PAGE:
Department of Neurology
Biology | Computational Biology | Computational Neuroscience | Computer Sciences
The ability to define the unique features of an input stimulus needed to control switch-like behavior in biological systems is an important problem in computational biology and medicine. We show in this study how highly complex and intractable optimization problems can be simplified by restricting the search to the signal's extrema as key feature points, and evolving the extrema features towards optimal solutions that closely match solutions derived from gradient-based methods. Our results suggest a model-independent approach for solving a class of optimization problems related to controlling switch-like state transitions.
Computational models, Computational neuroscience, Dynamical systems
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Copyright © The Author(s) 2018. Open Access: This article is licensed under a Creative Commons Attribution 4.0 International License, which permits use, sharing, adaptation, distribution and reproduction in any medium or format, as long as you give appropriate credit to the original author(s) and the source, provide a link to the Creative Commons license, and indicate if changes were made. The images or other third party material in this article are included in the article’s Creative Commons license, unless indicated otherwise in a credit line to the material. If material is not included in the article’s Creative Commons license and your intended use is not permitted by statutory regulation or exceeds the permitted use, you will need to obtain permission directly from the copyright holder. To view a copy of this license, visit http://creativecommons.org/licenses/by/4.0/.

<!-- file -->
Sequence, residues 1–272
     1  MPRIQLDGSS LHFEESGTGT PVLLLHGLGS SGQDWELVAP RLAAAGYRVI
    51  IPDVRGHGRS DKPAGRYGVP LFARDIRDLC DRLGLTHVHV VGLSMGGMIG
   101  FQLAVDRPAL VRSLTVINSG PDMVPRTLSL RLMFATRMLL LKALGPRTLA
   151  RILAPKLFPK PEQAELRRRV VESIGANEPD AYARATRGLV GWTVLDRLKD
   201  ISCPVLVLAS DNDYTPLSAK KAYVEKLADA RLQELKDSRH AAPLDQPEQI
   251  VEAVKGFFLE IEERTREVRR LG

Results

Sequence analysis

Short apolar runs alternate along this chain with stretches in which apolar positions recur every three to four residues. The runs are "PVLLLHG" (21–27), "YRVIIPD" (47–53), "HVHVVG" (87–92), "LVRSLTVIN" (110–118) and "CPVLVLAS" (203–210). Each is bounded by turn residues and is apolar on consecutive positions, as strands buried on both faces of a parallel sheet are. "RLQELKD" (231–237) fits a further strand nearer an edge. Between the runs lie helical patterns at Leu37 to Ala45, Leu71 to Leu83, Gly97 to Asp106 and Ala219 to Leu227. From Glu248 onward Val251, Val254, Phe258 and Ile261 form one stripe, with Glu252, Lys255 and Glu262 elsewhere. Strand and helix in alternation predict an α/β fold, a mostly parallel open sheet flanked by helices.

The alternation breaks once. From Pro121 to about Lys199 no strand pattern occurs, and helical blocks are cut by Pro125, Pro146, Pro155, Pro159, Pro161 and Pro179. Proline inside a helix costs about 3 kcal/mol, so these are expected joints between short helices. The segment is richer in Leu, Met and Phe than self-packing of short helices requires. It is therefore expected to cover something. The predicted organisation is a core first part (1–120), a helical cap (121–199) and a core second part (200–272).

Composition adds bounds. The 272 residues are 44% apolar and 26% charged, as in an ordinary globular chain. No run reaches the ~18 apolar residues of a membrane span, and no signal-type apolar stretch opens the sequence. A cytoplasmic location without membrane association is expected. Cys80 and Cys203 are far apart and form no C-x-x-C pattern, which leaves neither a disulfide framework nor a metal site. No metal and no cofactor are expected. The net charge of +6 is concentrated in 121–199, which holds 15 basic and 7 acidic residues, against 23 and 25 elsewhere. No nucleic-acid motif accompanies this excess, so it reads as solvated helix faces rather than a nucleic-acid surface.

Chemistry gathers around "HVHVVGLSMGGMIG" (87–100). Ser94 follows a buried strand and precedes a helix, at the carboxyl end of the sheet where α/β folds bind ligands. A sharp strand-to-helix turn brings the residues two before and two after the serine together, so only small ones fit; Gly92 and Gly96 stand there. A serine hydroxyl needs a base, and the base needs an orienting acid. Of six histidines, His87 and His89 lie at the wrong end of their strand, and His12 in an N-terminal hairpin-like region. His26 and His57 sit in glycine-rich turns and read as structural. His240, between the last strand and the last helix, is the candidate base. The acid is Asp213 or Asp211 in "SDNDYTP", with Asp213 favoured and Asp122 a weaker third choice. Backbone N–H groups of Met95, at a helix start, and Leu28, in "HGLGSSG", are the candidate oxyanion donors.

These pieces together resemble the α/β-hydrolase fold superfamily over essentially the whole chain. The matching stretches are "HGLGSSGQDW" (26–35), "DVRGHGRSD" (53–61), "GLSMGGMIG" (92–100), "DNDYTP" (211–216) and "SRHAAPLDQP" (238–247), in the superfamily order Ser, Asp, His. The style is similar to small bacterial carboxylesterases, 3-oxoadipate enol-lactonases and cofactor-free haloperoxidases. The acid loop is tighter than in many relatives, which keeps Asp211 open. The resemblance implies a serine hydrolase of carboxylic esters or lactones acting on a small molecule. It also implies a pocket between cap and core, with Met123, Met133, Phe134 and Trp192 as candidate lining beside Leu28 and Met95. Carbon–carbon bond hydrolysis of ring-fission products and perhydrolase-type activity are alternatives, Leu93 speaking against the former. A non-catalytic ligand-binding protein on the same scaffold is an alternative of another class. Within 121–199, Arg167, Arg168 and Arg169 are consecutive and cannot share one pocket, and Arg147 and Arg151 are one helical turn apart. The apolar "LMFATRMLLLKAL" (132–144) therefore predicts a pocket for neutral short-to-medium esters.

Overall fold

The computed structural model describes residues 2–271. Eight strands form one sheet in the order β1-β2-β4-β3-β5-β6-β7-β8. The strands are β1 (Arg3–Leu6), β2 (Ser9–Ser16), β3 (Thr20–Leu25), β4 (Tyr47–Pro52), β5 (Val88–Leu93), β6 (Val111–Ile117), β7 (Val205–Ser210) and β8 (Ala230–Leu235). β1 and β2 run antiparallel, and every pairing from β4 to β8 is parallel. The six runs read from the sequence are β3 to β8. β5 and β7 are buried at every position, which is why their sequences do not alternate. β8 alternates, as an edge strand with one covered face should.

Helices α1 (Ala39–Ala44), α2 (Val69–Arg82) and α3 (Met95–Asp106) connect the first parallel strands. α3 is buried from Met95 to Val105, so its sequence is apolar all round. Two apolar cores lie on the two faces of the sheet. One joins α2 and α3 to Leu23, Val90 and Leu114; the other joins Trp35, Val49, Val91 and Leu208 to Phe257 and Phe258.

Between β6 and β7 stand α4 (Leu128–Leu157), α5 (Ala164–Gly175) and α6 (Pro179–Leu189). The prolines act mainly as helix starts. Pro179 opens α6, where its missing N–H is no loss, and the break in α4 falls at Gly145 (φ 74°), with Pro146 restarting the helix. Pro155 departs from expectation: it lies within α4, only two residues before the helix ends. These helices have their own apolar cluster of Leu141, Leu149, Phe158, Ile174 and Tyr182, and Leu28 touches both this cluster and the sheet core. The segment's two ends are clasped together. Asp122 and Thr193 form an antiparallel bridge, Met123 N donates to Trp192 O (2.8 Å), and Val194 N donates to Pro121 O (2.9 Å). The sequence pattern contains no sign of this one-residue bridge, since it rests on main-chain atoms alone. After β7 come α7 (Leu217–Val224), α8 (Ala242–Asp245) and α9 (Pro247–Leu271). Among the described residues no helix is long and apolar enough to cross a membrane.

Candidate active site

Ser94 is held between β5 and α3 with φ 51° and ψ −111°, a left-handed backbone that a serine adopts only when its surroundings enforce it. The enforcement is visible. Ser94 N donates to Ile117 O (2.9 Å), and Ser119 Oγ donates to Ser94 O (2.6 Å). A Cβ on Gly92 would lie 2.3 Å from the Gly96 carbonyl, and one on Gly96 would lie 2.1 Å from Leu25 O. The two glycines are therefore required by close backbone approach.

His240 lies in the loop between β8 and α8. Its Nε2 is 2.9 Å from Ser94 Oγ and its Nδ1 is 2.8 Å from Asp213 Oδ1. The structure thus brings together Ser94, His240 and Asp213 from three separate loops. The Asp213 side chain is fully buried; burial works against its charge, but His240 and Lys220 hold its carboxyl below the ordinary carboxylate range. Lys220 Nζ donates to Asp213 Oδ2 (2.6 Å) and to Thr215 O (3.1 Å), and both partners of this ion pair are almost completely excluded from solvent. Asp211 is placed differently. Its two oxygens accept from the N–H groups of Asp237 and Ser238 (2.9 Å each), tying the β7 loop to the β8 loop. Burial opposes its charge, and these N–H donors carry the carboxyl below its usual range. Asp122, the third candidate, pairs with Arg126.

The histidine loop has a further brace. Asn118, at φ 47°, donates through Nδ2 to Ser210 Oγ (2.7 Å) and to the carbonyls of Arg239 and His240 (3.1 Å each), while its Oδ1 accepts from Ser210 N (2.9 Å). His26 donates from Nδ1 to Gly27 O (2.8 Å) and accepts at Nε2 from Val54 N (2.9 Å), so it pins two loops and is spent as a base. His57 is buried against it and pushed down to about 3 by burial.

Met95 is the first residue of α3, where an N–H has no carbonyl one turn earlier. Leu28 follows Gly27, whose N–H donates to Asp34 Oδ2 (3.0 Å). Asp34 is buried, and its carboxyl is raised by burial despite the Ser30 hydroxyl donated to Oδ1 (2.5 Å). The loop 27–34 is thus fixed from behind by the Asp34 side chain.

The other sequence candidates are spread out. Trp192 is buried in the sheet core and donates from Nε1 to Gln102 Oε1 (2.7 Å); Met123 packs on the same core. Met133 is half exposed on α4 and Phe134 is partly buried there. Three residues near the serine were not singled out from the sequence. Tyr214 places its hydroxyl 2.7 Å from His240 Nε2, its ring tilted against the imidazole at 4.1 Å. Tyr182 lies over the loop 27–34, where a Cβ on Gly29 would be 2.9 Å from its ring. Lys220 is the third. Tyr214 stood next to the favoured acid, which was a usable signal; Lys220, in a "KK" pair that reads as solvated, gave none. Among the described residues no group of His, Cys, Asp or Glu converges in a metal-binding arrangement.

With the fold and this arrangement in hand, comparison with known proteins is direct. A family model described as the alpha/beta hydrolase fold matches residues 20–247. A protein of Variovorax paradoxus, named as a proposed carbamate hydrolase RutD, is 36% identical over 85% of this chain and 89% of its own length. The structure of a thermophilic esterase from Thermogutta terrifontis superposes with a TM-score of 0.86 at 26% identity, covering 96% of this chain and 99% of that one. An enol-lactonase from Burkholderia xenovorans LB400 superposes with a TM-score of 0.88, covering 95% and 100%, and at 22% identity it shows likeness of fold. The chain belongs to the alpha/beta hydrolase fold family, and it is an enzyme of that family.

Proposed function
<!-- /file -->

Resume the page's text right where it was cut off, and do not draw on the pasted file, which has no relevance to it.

DOI of Published Version
Sci Rep. 2018 Feb 21;8(1):3403. doi: 10.1038/s41598-018-21761-8. Link to article on publisher's site
Chang JT, Paydarfar D. (2018). Evolution of extrema features reveals optimal stimuli for biological state transitions. Open Access Publications by UMMS Authors. https://doi.org/10.1038/s41598-018-21761-8. Retrieved from https://escholarship.umassmed.edu/oapubs/3392
Creative Commons License
This work is licensed under a Creative Commons Attribution 4.0 License.